According to Zelenskyy, if Russia succeeds in finally capturing Bakhmut, they could go further. “They could go to Kramatorsk, they could go to Sloviansk, it would be open road for the Russians after Bakhmut to other towns in Ukraine, in the Donetsk direction,” he said. “That’s why our guys are standing there.”
He also included an additional reason for asking his troops to doggedly slog it out as well: “Russia needs at least some victory — a small victory — even by ruining everything in Bakhmut, just killing every civilian there,” he said. Adding that if Russia is able to “put their little flag” on top of the town, it would help “mobilize their society in order to create this idea they’re such a powerful army.”
This decision to hold for as long as possible in Bakhmut is now gaining support from some top U.S. generals too, who say Zelenskyy’s right to not order a retreat. But their thinking differs from Zelenskyy’s public reasoning.
“I think, at this moment, using Bakhmut to allow the Russians to impale themselves on it is the right course of action, given the extraordinary casualties that the Russians are taking,” retired general and former CIA Director David Petraeus told POLITICO.
Petraeus added that “the Russian troops in Bakhmut are not just Wagner conscripts and former felons. Some of Russia’s best troops are there as well. So, the Russians are committing an enormous amount of their resources on a very costly offensive, the outcome of which is still uncertain.”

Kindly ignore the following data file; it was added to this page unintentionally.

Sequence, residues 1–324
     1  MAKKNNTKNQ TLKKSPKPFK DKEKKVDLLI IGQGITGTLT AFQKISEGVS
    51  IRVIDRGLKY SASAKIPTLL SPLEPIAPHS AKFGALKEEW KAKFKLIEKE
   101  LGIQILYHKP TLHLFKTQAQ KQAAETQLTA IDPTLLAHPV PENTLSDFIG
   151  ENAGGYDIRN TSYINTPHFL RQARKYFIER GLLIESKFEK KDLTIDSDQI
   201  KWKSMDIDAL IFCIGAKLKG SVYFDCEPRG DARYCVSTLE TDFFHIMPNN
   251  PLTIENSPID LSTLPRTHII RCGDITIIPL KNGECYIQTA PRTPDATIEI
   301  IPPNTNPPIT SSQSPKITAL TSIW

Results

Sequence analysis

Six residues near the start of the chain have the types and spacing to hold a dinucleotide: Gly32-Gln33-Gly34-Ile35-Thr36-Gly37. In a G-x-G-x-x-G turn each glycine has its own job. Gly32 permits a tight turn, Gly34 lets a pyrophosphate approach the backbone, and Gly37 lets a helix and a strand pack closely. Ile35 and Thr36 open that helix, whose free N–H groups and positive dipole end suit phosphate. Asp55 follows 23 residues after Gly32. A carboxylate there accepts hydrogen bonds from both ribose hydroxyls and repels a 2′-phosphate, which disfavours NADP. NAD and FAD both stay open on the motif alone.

“Obviously, this all hinges a bit on an assumption that the Russians don’t have inexhaustible manpower, and I think that’s the case right now,” he said. “For example, they literally only have one division that’s not already committed in battle. That’s a very small reserve to have available to exploit any battlefield success.”
Petraeus sees no chance that Russia will be able to turn its significantly larger national population to its military advantage anytime soon. “Russia’s next scheduled conscription cycle doesn’t start until April 1. It appears they are doing another what’s called ‘ghost conscription,’ a sort of irregular local draft once again. But that has not been particularly successful in the past,” he said. So, the big difference in kill-ratios — whether it’s 7-to-1 or 5-to-1 — does mean there are serious battlefield ramifications for Russia.
This meat-grinder argument is maybe one Zelenskyy can’t make explicit himself because, in a sense, Ukrainian lives are being “sacrificed.” Just this week the Ukrainian leader had said, “of course, we have to think about the lives of our military.” But this is a key reason, according to Petraeus, for continuing the fight at Bakhmut — Ukraine’s losses are justified by the much larger toll being taken by the Russian military.
That toll is especially high thanks to Russia’s infighting and lack of coordination, according to Mark Hertling, another retired U.S. general and former commander of the U.S. Army Europe and the Seventh U.S. Army. According to Hertling, the battle of Bakhmut is showing the lack of unity of command in the Russian forces, with various commanders seemingly at cross-purposes the whole time. “Soldiers thrown into a fight where there is no ‘unity of purpose’ suffer the most,” he tweeted.
“It is to Ukraine’s benefit to leverage the advantage the defense [at Bakhmut] gives them to inflict as many casualties as possible on Russia, before Russia can bring more forces to bear in a large offensive this spring,” said John Barranco, a U.S. Marine colonel. “Bakhmut itself will not strategically alter the course of the war significantly for either side, but every piece of ground Ukraine yields, gives Russia — a larger force — the opportunity to dig in and have the defensive advantage” when Ukrainians launch their own summer offensive, he added.
So, for now, Zelenskyy has little choice but to ask his doughty fighters to hold at Bakhmut. The cost is much higher for Russia.